U.S. stocks are roughly flat in early afternoon trading, with the Dow Jones Industrial Average (^DJI -0.18%) and the S&P 500 (^GSPC -0.43%) down 0.12% and 0.03%, respectively, at 12:25 p.m. EST. Shares of refiner Phillips 66 are down, but only barely, at 0.08%.
Warren Buffett added to Berkshire Hathaway's already consequential investment in Phillips 66 last week, pushing its ownership stake to 12% (higher than the combined stake of the two largest index fund providers, Vangard and Blackrock). The investment, worth $4.87 billion as of yesterday's close, is one of Berkshire's public market investments.
The latest series of purchases is a small component of that position, but it is instructive because it is indication of the sort prices that are attractive enough for Buffett to add opportunistically to the investment. During the first four days of last week, Berkshire acquired nearly two-and-a-half million shares of Phillips 55 at an average cost of $77.22.
With an ownership stake greater than 10%, Berkshire Hathaway meets the standard to qualify as a corporate insider and must, therefore, report any changes in ownership in a Form 4 filing with the Securities and Exchange Commission within two business days.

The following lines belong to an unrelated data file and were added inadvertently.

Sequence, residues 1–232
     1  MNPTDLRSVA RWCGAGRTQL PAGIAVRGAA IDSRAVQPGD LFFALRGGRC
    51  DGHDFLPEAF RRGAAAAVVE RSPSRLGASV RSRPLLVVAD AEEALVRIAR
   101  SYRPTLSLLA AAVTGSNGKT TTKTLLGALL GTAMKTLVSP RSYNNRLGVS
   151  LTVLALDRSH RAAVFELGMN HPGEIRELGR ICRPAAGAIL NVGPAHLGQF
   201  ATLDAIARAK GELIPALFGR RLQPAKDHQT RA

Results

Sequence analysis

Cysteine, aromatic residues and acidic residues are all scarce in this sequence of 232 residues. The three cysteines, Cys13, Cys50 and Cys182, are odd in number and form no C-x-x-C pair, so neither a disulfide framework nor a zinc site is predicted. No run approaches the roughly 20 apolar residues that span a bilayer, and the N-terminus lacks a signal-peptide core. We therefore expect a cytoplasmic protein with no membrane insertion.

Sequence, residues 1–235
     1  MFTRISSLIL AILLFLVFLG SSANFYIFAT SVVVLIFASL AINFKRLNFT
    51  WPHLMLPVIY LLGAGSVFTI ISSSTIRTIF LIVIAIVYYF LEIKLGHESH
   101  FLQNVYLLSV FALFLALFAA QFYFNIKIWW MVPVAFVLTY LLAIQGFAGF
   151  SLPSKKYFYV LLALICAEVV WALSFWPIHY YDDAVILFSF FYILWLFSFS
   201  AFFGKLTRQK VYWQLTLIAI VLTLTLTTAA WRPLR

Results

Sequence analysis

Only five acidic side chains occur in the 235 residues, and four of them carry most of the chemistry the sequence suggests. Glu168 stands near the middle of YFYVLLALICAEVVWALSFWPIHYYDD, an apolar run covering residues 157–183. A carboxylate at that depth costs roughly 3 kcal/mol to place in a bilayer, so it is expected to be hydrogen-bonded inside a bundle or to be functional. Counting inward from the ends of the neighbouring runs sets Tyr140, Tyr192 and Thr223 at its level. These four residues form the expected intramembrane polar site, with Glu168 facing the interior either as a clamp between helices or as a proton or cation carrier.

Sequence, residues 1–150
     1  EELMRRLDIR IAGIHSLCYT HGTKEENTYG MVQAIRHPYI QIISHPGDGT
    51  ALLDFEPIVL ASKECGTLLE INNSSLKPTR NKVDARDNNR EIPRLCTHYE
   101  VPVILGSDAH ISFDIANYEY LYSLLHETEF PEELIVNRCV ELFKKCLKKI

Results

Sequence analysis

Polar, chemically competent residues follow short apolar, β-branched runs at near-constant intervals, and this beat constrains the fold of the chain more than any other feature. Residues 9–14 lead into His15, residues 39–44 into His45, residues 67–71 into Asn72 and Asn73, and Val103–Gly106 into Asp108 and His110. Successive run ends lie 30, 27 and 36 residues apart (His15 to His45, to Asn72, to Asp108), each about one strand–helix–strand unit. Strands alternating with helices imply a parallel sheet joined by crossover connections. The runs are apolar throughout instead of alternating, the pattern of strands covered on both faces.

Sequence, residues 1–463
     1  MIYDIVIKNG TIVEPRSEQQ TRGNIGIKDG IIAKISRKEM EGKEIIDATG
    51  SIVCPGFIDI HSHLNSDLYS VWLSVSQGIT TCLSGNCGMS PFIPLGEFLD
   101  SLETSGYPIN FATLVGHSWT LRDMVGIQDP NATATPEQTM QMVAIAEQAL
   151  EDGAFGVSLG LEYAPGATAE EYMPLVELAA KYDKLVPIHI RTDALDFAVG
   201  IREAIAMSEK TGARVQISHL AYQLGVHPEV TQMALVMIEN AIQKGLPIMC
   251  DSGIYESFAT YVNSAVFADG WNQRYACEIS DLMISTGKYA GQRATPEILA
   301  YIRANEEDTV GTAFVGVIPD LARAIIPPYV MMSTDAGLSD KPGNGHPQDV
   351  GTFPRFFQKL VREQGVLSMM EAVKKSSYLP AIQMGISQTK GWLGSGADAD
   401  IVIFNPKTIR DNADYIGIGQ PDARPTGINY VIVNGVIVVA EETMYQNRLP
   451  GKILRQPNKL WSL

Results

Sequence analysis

After topping out at $94.12 in early November, shares of Phillips 66 have gone on to decline by 19% as of yesterday's close. Much of the drop is attributable to what appears to be a short-term overreaction to Congress' decision to lift the 40-year ban on crude oil exports. For an investor with a multi-decade time horizon like Buffett, that price action spelled opportunity.
Buffett established the bulk (86%) of the existing position during the third quarter of last year, between July 1 and Aug. 25. The volume-weighted average price of Phillips 66 shares over that period was $80.04, according to data from Bloomberg.
Because Berkshire's purchases represent nearly two-fifths (38%) of the volume recorded by Bloomberg, it's a good bet that Berkshire's average cost was very close to $80.04.
There are a couple of takeaways, here: First, with last week's purchases at an average cost of $77.22, Buffett has lowered his cost basis on the aggregate position. If he likes Phillips 66 at $80, he likes it even a little bit better at $77.
This leads us to our second takeaway, one that's worth noting for stock-pickers: Just as Buffett is now taking the opportunity to lower his cost basis, investors who do not already own Phillips 66 shares have the opportunity to open a position at a lower cost than Buffett's.
Such opportunities to piggyback on arguably the world's greatest stockpicker don't come around all that often, or they aren't clearly identified as such when they do; this one deserves active investors' full attention.